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App Platform Programming

Has ElectronJS won in the race to cross-platform desktop app dominance?

It’s increasingly evident that companies are building serious desktop apps on top of  ElectronJS. You don’t even need any study to prove the point, the list is growing every day, the open source project lists 879 as I write this. Let’s name a handful of prominent apps as illustration: Microsoft Teams, Microsoft Skype, Slack, Signal, Mattermost, Microsoft Visual Studio Code, Loom,

ElectronJS is built with JavaScript, and that makes it more interesting. Nothing new can be said about JavaScript’s dominance, it’s undeniable whatever snipes the purists may throw at it. Apple adopted JavaScript as a native scripting language for macOS, alongside their home grown AppleScript. This last remark is unrelated to building apps, but the point is that JavaScript adoption goes well beyond the web browser.

The most interesting trend I noted is Microsoft’s increasing adoption of ElectronJS, arguably (?) at the cost of their own Universal Windows Platform (UWP). Microsoft also bought GitHub, the company that created ElectronJS, and more recently they bought NPM, another step in the direction of gaining a large foothold in the JavaScript (actually, open web) ecosystem. It doesn’t stop there, Microsoft’s Fluent UI provides a framework called Fabric React that is built on React JS, another popular JavaScript app development toolkit. The future of Ms Office SDK is thus built on JavaScript. All these moves give a serious boost to JavaScript as the cross-platform app building language of choice.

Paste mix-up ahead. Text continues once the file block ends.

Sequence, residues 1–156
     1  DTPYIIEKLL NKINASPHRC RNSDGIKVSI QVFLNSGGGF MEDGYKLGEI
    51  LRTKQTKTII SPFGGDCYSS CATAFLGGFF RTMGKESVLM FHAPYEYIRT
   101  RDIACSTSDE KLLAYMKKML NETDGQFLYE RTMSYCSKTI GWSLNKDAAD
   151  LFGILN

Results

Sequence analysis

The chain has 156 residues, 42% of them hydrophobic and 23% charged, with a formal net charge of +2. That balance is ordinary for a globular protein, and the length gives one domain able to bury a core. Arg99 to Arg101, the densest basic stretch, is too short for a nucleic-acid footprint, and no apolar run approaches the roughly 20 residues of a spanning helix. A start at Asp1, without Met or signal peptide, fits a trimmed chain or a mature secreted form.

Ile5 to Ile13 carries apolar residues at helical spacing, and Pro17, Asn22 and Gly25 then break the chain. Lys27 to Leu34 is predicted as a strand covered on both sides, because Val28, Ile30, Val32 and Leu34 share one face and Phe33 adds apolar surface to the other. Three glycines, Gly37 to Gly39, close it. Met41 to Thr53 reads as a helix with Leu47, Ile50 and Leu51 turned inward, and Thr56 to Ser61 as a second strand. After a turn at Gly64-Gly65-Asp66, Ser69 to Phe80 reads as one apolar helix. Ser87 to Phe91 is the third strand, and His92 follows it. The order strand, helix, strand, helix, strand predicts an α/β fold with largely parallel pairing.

I mention only JavaScript all the time, but JavaScript and HTML and CSS is the combination to talk about. What started out as a hackable text editor project gave rise to an incredibly powerful app building platform.

I intentionally left Apple’s cross-platform app development ecosystem out of this discussion, because I wanted to put the spotlight on the power of JavaScript and open web. I also didn’t really want to compare Apple and Microsoft’s approaches in this essay, that would’ve lead to an entirely different discussion.

If Microsoft, the world’s largest vendor of desktop apps targets JavaScript (and open web technologies) as the platform for building their most popular apps, despite their multi-year multi-billion dollar investment on home grown UWP, then we may have a winner.

If a company were to initiate a brand new desktop app development project today, what platform would they likely pick? What criteria would they base any decision upon, time to market, the available talent pool, the richness of the wider ecosystem? If any of that is relevant, then it would be astonishing if they would ignore ElectronJS.